Thursday, July 1, 2010

Other Mudras

"the soul must empty itself to be filled with God." by St. John of the Cross

While many perceive the yogic mudras as part of esoteric Asian practice, the Simple Mind would confer with others who see them as signs and gestures, common in all human communities. Everything from the simple upheld hand to hail a taxi in New York to the upturned palm to indicate sincerity in Beijing or honesty in Rome, hand gestures or mudras are everywhere. In some spheres of life we are all connected in some way or another. It is part of what makes us human as opposed to another animal species.

Writing in the book, Christians talk about Buddhist Meditation, Buddhists talk about Christian prayer, edited by Rita Gross and Terry Muck, Donald Mitchell writes "One's day is offered to God in a way that changes one's attitude toward others -- one lives more for their happiness... Vows [are] aspirations to pursue a higher good...' Mitchell continues, speaking on his topic with reference to the Buddhist teacher, Robert Aitken, he notes: 'as Aitken says, realization must be sustained; healing and reconciliation must be sought when unity is broken... this healing and reconciliation includes one's relationship with God. Dharani, Mudras and chanting, in both Buddhism and Christianity, [each in its customary forms,] creates an atmosphere... where one's mind is transformed." Gestures, both great and small, play their part.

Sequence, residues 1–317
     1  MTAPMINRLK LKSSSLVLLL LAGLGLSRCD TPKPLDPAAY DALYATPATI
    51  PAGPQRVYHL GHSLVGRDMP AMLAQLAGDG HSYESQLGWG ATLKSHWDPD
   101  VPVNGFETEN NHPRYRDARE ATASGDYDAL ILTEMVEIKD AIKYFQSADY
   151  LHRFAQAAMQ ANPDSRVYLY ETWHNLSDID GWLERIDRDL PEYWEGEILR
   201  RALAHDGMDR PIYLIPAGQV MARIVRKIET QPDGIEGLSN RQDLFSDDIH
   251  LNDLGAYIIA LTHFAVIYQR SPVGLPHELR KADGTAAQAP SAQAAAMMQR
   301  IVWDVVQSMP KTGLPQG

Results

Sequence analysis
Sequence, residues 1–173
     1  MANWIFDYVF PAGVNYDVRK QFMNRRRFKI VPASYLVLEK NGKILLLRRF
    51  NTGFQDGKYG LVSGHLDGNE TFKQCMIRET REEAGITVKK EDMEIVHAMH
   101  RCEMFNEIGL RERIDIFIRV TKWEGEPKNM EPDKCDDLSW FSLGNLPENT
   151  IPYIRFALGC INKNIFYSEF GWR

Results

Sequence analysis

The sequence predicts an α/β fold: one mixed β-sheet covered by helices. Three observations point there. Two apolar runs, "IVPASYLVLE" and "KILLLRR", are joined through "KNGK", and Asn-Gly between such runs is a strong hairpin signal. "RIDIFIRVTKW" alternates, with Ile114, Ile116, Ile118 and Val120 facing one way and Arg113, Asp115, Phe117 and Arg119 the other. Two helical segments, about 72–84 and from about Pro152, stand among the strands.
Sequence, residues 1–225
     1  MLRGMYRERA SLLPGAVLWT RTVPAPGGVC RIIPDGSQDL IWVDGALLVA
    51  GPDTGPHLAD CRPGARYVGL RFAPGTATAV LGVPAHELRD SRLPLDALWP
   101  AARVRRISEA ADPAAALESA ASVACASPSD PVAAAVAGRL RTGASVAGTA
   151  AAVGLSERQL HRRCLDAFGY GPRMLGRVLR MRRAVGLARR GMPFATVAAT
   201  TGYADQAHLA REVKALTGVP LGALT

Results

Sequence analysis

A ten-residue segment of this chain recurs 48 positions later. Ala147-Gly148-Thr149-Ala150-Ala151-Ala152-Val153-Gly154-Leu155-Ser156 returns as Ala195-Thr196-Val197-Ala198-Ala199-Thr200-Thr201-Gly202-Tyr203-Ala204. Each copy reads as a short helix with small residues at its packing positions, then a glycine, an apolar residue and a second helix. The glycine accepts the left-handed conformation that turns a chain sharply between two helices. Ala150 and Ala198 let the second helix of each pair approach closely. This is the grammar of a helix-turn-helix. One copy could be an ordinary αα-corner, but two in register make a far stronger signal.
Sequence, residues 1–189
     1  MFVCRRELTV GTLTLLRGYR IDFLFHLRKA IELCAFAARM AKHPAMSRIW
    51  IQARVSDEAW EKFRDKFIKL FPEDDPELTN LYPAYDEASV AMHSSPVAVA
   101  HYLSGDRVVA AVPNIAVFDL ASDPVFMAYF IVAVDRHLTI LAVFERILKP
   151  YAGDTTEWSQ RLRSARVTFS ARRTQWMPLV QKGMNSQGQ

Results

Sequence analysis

With physical practice and devotions such as prostrations, chanting and other physical responses the practitioner may then move the awakened mind into a sense of wholeness, unity and glimpses of the divine, moved with the inspiration of the Holy Spirit, writes Mitchell, concluding his essay. Resting in the 'now moment' there is the experience of life as it is, just this moment. 

The Buddhist precepts as discussed by many, lead the practitioner to awareness that there is no lesser nor greater, no aware or unaware, not even large or small; yet there is just this moment. Likewise Christians too, it seems, seek to live in the 'now moment.' The practice of Christian symbols, or Mudras have long played a part in that from the earliest times of persecution to modern devotional practice. Today mudras are part of many personal and communal practices worldwide.